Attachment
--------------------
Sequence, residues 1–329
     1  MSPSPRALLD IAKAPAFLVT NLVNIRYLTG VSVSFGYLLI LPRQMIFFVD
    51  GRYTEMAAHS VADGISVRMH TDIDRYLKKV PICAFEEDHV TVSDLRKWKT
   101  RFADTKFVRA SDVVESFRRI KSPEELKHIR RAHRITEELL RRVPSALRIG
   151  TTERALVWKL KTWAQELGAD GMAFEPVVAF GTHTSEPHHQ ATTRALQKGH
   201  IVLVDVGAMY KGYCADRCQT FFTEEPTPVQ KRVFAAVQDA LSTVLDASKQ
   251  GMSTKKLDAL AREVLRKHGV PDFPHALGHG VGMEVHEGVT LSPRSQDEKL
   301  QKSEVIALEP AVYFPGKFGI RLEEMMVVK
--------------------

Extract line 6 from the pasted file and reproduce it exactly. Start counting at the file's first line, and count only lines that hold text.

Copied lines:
   201  IVLVDVGAMY KGYCADRCQT FFTEEPTPVQ KRVFAAVQDA LSTVLDASKQ